Middle-aged STEVE CRANMER was a cop who later worked for a "classified government agency" where he was injured in the line of duty. He now walks with the aid of Demerol and a cane, which he occasionally uses as a weapon if he needs to. When the first book, Straight opens he has been operating as a P.I. in Oklahoma City for 18 months.
His much younger assistant, BUTCH MANERI, is a "slim, well-muscled redhead" whose professional background we aren't told. They met when Cranmer, working a case, proved that Maneri's sister was guilty of murder -- hardly the usual meeting cute scenario. No wonder their relationship is refered to as "an odd kinship"
Nonetheless, Maneri is very capable, despite his his outward hipster persona (and his proclivity for skirt-chasing). In one memorable instance, he congratulates Cramner on his testmony on the stand by calling out -- in court -- "Way to fire, Dad. You done good."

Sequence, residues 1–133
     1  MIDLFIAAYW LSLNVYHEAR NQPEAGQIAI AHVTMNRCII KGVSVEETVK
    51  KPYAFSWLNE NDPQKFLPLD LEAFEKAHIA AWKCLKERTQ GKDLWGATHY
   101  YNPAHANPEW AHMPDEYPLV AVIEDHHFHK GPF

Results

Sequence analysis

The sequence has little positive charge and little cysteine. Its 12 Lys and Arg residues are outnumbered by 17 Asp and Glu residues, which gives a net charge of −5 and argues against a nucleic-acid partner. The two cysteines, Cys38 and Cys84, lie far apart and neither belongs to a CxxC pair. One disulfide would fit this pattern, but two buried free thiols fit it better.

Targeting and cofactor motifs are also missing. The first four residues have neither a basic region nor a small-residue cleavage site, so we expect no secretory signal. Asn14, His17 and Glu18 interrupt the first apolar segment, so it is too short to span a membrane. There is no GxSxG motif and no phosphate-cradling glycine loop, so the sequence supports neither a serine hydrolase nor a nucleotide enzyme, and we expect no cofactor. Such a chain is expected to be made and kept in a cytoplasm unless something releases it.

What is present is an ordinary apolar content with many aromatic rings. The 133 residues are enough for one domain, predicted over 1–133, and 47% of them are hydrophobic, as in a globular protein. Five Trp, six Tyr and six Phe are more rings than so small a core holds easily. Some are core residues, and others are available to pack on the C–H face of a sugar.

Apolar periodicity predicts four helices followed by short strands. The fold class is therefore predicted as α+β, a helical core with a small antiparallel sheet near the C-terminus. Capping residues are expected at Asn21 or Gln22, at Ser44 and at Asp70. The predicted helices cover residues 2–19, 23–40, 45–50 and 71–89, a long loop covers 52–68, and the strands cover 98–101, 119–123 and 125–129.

Cranmer and Maneri often work the same case but independently of each other. Neither is very admirable. Cranmer is a cynical hard-boiled survivor who looks out for number one, whileManeri is a misogynist and a user of women. They are very effective in their work, however.
Knickmeyer claims he was influenced by Elmore Leonard, although if he was, he was certainly ahead of the curve in 1976. But the writing certainly recalls the deadpan drollness of Leonard's work. Quentin Tarintino, Estleman's Peter Macklin and Block's Keller ( for Straight) also come to mind.
THE OLD CURIOSITY SHOPPE
Report respectfully submitted by Eric Chambers.
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